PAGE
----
Posted on : February 14, 2017
Welcome to the third and final part of our Facebook Advertising series. In case you missed the first sections, here’s a recap of what we’ve covered:
Part Three: How to Get Ridiculously Granular When Segmenting Your Audience on Facebook
Today, we’ll be sharing an overview of the different targeting options, how to ensure you’re identifying the perfect audience that’s not too large and not too small, and best practices for reaching your objectives with the right targeting.
When creating your ad, you’ll be prompted to select your preferred audience. You can choose a custom audience, lookalike audience, create a new audience, or select an audience you’ve previously saved in your Ads Manager.
Custom audiences are groups you can create based on contacts you already have in your database, or from previous engagement with your posts on Facebook. You can use email addresses, phone numbers, Facebook user IDs, or the Facebook SDK to create custom audiences. You can save these audiences to use for different campaigns later on, too.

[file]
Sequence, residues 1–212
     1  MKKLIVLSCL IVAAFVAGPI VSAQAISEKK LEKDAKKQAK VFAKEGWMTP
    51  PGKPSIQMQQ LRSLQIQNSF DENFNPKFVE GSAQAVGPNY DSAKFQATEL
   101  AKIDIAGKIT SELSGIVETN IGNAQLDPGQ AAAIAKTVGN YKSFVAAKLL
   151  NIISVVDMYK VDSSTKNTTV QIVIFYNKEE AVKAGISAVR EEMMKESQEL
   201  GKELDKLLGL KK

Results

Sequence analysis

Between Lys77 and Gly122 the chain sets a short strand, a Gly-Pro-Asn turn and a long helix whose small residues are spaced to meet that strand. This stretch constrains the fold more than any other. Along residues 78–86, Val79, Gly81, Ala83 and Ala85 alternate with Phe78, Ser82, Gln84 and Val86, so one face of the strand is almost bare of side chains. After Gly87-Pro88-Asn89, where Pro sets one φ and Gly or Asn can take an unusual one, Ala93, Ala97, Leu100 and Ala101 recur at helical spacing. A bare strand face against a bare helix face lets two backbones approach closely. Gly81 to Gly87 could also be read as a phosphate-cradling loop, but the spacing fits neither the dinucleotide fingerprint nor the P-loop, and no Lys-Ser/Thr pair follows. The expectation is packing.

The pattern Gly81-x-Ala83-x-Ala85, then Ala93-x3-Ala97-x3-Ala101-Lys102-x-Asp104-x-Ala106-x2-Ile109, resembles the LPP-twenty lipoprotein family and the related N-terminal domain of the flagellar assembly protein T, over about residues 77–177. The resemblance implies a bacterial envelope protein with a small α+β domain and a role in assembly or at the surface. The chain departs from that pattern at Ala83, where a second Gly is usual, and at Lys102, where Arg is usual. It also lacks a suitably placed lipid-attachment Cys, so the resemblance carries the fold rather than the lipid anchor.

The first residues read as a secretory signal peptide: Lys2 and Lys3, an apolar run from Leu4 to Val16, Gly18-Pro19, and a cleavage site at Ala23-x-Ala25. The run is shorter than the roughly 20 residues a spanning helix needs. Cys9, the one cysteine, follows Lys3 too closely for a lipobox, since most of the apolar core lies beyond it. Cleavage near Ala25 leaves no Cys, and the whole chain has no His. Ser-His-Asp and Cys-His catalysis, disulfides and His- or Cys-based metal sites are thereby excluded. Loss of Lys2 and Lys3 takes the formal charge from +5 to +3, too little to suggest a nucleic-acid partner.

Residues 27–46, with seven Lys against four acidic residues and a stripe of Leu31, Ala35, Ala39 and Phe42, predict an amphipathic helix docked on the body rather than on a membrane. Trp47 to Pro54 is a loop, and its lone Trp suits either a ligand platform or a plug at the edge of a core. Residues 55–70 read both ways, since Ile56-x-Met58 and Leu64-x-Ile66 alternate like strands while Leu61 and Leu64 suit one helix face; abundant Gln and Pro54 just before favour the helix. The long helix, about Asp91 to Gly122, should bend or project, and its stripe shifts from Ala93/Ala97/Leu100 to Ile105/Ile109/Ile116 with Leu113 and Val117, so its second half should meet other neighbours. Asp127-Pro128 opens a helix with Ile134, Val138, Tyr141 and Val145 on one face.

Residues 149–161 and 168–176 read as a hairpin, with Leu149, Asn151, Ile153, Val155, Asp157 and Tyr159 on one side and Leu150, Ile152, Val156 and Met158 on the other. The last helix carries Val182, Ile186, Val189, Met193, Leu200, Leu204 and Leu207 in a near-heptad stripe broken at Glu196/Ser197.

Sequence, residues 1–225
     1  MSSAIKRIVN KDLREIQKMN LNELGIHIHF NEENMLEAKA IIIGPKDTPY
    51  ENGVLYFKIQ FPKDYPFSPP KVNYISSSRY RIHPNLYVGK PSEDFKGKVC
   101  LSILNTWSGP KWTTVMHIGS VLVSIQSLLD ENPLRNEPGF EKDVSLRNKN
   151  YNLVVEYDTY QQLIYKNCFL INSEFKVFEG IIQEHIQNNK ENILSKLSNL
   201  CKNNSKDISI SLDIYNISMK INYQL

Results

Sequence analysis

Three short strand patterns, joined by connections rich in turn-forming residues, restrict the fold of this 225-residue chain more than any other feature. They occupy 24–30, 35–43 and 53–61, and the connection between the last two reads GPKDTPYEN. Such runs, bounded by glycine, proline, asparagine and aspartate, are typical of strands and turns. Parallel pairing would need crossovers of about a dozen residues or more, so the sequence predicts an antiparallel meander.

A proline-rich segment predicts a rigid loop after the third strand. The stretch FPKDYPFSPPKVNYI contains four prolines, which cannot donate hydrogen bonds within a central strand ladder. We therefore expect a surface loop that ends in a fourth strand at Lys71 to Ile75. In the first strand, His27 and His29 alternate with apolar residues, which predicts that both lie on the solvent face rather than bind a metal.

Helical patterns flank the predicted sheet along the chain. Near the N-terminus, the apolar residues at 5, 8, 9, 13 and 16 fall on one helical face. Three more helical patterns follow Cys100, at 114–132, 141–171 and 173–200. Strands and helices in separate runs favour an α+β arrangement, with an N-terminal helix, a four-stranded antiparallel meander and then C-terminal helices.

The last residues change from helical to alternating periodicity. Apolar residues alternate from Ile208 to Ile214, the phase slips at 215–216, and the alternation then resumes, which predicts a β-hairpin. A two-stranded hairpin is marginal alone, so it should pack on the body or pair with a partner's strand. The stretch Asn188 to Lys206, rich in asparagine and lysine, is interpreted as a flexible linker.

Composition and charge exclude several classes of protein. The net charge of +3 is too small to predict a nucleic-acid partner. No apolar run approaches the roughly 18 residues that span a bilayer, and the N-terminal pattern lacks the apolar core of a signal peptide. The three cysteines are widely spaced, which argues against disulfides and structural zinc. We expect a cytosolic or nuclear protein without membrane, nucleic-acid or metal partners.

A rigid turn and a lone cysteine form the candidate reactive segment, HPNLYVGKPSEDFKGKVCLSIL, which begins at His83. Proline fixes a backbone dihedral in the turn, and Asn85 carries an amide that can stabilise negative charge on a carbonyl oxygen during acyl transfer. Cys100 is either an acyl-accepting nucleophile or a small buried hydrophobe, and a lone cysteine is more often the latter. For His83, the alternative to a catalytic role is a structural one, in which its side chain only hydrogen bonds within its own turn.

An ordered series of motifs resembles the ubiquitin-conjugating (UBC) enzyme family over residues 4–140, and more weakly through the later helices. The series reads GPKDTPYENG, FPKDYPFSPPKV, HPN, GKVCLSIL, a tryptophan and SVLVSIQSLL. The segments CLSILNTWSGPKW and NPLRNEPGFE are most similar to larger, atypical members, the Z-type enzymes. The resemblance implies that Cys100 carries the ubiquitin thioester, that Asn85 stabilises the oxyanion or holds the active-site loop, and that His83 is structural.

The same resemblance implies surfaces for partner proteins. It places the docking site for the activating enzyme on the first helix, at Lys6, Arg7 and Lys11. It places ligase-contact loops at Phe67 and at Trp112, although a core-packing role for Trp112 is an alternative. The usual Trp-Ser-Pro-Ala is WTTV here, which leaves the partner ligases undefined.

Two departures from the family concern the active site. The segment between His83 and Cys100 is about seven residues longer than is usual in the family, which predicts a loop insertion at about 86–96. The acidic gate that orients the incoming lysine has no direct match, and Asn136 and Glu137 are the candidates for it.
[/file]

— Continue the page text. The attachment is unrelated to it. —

Within the custom audience capabilities is the lookalike audience. This gives you the opportunity to provide Facebook with a “source” from which they generate a list of individuals who fit similar criteria. Businesses typically use current customers as their source but you can also use your Page fans or followers, or lists based on other criteria. Facebook recommends uploading a source of 1,000 to 50,000 contacts. The lookalike audience function allows you to reach people outside your database and identify commonalities among your target personas. Lookalike audiences can also help you save on ad spend as you’re not targeting unqualified people.
Create a New Audience
Based on what Facebook knows about its users, you can choose from a combination of the following attributes:
- Detailed targeting
Choose as broadly as country or state/province, or as narrow as region, city, zip code/postal code. You can add multiple locations and you can also choose to exclude specific areas.